Langston Hughes Influence On African American Culture

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The term Harlem Renaissance “ is a reference to the literary movement” (Jimoh 4) that deeply affected America’s culture . The Harlem Renaissance, originally called the New Negro Movement, created the most influential movement in African American literary history. The term “New Negro” characterized outspoken African Americans and their refusal to follow Jim Crow racial segregation laws. Harlem became a big African American town after the Great Migration. The Great Migration occurred when African Americans left rural South for the urban North. Harlem became the cultural center for African Americans to express their artistic talent. In Harlem, writing, art, music, and theater became more important to African Americans, to express their culture…show more content…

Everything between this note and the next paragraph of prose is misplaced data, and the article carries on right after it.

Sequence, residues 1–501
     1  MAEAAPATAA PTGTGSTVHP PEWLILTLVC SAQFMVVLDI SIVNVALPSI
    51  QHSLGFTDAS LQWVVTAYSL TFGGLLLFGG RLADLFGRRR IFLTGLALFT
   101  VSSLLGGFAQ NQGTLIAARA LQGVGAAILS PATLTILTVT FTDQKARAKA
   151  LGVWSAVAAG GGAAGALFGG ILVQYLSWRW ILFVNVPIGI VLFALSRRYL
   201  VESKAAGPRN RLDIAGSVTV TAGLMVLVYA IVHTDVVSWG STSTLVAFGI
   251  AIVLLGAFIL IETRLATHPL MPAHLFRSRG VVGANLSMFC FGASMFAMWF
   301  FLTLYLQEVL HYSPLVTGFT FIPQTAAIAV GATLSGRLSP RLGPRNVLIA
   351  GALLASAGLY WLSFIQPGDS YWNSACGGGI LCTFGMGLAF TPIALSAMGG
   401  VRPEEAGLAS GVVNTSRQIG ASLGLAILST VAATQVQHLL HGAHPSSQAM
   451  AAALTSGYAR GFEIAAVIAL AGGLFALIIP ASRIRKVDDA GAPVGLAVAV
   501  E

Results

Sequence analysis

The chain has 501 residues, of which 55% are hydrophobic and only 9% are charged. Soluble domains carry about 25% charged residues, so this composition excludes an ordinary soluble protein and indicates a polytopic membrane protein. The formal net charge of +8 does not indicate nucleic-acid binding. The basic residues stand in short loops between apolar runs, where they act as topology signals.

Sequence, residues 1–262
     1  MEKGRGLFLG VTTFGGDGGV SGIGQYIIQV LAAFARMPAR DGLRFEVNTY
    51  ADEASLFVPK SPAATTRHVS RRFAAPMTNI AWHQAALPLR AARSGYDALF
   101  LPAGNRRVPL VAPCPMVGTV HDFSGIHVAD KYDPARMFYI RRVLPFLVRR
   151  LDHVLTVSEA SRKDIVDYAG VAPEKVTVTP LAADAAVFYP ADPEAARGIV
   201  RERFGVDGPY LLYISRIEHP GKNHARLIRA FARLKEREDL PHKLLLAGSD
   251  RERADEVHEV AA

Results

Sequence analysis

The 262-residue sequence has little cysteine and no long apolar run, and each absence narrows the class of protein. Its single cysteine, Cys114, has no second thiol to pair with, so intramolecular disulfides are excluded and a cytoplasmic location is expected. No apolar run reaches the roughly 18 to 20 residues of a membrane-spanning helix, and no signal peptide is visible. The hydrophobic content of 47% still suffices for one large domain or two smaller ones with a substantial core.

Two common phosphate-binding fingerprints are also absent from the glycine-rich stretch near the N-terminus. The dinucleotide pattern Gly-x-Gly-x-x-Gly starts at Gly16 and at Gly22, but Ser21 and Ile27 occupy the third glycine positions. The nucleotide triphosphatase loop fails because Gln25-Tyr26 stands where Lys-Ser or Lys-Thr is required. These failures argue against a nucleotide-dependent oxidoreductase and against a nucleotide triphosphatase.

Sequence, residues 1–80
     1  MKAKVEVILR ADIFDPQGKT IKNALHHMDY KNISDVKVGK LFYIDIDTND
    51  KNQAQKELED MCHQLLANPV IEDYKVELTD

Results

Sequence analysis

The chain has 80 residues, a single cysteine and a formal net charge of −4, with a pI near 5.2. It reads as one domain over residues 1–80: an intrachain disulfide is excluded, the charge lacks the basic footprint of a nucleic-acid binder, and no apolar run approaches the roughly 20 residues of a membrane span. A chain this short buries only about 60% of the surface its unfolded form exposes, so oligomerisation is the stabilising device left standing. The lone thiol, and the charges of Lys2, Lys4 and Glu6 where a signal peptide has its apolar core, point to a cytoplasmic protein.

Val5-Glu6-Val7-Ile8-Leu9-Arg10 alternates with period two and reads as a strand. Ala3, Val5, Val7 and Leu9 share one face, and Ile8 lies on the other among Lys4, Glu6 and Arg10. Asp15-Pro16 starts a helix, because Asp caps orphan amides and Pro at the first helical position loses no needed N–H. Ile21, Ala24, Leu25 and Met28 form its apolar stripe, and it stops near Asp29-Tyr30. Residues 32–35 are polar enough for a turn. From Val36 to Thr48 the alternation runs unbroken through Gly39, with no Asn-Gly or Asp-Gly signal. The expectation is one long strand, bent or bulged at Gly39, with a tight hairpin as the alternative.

Langston Hughes wrote politically challenging poems about the government. In “Let America Be America Again” brings people to the attention that African Americans never got the treatment they deserved. Hughes realizes that “there's never been equality for him” (Hughes 1) in America. Hughes, who traveled across the country, realized that racism appeared everywhere. During the Harlem Renaissance, his poetry “condemns white oppression” (Gohar 1) and encourages “racial pride” (Gohar 1). Hughes also questions the government and their biased towards a certain race. Hughes realized that “he do not need my freedom when he’s dead” (Democracy 1). Hughes pushed the limit by writing political pieces that often made white people feel guilty. Different from other authors of the Harlem Renaissance, Hughes refused to make his writing overly complicated. Hughes used dialect of African Americans and themes that they related to. Many people at the time dislike Hughes writing style because he wrote about African Americans in an non-glamourous way. He wrote about their hardship and suffering as well as their successes. However, this embarrassed African Americans because they knew the possibility of white people reading it and they disliked the idea of white people knowing their weaknesses. Hughes, although he struggled, became the first African American to make his lively solely off his writing. Hughes continued to
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